- Serving size. This can hold some surprises. Be sure you’re not pouring a cup or two of cereal when the serving size is only one-half cup.
- Carbohydrates. One method of meal planning for people with diabetes is to count carbohydrates. Look for the total number of carbohydrates in the foods you eat.
- Fiber. This can help lower cholesterol and aid in digestion. Bonus: If there are 5 grams or more of fiber in a product, subtract half of the fiber grams from the total carbohydrate grams to get a more accurate carb count.
- Total fat. Try to avoid saturated and trans fat. Monounsaturated and polyunsaturated fats help reduce cholesterol. Remember that a gram of fat has more than twice as many calories as a gram of carbohydrate, even if it’s a “healthy” fat.
- Sodium. Sodium, or salt, has nothing to do with blood sugar levels, but it may raise blood pressure. Keep your daily intake under 2,300 milligrams or less.
- Calories. Check this number if you want to lose or maintain your weight.
A Answers (3)
Stacy Wiegman, PharmD, Pharmacy, answeredHere’s what to look for on food labels if you have diabetes:
American Diabetes Association answeredThe information on the left side of food labels provides total amounts of different nutrients per serving. To make wise food choices, check the total amounts for:
- total fat
- total carbohydrate
- sugar alcohol
- list of ingredients
Intermountain Healthcare answeredIt is very important to read food labels if you have diabetes. The most critical aspect for you and your diabetes is the serving size and the total carbohydrates (or carbs), as the amount of carbs you eat will affect your blood glucose.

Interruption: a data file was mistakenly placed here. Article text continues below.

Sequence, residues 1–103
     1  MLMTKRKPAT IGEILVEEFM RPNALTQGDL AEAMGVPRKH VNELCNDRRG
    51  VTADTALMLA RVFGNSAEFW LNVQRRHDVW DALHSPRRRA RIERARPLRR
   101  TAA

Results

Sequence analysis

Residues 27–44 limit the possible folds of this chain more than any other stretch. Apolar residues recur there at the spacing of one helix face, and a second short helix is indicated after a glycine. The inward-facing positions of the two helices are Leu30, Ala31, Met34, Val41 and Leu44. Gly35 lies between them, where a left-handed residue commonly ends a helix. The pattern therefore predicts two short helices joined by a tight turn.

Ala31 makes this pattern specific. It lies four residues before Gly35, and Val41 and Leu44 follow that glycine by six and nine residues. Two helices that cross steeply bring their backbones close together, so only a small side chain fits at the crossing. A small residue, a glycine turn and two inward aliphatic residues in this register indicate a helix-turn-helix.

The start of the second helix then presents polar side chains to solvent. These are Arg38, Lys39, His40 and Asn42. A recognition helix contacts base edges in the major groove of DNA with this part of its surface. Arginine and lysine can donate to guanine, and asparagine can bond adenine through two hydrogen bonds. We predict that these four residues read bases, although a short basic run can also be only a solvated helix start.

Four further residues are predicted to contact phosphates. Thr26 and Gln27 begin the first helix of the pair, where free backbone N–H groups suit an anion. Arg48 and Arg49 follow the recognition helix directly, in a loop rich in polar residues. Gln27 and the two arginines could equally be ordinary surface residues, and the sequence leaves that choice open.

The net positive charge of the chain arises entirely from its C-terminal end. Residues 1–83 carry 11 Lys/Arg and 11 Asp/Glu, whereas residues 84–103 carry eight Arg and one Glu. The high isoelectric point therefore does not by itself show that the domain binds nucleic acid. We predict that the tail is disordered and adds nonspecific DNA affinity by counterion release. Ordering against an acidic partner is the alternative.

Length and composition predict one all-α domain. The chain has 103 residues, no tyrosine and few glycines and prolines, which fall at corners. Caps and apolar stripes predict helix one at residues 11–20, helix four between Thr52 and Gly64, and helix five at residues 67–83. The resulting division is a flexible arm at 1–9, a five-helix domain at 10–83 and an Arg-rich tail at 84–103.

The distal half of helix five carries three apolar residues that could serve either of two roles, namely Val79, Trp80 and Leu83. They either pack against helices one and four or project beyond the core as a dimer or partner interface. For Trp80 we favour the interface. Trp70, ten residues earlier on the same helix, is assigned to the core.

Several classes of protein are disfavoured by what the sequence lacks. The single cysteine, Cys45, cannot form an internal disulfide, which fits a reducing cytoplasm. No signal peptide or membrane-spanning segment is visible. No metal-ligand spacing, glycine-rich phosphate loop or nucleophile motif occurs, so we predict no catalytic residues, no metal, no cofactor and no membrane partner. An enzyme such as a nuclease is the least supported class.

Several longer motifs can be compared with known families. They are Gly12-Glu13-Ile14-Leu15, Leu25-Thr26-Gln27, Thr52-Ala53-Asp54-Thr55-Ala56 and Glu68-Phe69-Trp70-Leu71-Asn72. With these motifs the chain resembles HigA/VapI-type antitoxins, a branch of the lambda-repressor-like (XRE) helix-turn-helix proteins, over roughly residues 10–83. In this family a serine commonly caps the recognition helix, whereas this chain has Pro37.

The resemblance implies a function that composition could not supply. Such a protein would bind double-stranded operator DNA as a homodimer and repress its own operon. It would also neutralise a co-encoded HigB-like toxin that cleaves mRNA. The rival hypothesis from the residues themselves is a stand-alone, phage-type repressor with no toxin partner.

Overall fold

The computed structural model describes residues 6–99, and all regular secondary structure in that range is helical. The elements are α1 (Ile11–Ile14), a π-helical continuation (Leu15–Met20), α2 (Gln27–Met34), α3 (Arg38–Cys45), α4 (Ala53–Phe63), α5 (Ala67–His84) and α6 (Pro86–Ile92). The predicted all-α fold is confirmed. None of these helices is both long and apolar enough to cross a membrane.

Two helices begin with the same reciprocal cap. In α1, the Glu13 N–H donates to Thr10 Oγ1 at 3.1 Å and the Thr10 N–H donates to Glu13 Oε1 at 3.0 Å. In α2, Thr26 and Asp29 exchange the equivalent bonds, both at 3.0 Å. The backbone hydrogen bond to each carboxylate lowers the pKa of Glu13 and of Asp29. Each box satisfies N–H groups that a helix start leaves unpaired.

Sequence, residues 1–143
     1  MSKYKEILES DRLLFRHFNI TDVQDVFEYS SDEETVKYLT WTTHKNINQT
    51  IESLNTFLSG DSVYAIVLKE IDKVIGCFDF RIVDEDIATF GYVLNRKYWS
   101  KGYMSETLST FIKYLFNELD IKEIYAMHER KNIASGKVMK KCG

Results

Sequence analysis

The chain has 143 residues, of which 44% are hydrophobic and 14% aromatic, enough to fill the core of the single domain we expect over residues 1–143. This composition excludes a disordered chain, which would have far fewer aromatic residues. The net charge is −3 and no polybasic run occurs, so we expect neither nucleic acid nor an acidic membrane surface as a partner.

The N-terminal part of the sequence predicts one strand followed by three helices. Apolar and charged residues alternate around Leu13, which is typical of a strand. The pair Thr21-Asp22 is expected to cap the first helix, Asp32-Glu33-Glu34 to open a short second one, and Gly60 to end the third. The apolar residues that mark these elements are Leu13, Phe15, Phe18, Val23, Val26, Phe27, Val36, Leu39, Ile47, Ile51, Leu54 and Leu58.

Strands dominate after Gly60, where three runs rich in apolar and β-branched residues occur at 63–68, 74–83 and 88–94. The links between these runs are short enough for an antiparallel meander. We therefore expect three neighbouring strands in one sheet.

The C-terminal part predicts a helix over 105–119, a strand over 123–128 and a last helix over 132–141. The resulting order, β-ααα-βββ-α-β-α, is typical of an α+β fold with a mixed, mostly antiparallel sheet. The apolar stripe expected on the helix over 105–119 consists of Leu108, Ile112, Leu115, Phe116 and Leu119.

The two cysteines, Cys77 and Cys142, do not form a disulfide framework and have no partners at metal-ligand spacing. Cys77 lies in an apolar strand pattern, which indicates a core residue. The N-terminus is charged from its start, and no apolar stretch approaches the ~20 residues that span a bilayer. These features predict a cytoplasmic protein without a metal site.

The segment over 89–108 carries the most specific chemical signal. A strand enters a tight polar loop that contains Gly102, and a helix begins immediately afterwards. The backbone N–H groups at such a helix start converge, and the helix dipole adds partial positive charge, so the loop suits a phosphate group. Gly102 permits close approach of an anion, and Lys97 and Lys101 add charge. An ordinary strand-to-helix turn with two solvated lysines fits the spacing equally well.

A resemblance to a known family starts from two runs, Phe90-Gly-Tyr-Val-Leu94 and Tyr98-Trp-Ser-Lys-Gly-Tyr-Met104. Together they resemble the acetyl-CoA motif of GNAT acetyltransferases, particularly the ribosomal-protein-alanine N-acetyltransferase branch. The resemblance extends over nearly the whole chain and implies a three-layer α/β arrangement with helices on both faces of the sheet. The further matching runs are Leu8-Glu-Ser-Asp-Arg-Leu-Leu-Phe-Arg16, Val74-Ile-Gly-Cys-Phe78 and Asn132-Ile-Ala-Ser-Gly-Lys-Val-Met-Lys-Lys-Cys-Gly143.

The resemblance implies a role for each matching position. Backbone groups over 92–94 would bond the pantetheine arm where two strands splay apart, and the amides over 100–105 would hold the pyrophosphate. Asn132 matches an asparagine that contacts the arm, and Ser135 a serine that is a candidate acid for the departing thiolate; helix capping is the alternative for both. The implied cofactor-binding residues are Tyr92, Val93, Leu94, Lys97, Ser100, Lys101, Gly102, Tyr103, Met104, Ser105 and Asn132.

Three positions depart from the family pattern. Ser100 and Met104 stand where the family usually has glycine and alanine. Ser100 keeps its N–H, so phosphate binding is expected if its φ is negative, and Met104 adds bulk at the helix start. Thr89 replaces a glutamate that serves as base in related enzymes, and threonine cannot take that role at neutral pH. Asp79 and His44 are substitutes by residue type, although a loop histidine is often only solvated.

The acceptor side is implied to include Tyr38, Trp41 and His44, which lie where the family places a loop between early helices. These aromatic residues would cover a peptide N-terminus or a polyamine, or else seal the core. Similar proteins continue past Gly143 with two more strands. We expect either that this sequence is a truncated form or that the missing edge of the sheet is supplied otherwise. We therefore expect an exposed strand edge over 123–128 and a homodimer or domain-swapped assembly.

Here are some important tips to remember when checking food labels:
- Always check the serving size and number of servings per container. The nutrition facts are based on a single serving -- not the whole container -- so pay close attention.
- The total carbohydrate is the number you should use to tell how many grams of carbs you’re eating. So remember to multiply the carbs by the number of servings you eat and to choose foods higher in dietary fiber. These carbs are healthier and have a less dramatic effect on your blood glucose.
- Also note that the total carbohydrate includes fiber. If a food contains five or more grams of fiber in a serving, you can subtract the fiber amount from the total carbohydrate amount. For example, if a slice of whole-wheat bread has 20 grams (g) of total carbohydrate and 5 g of fiber, subtract 5 g from the total carbohydrate amount to get 15 g of total carbohydrate per serving.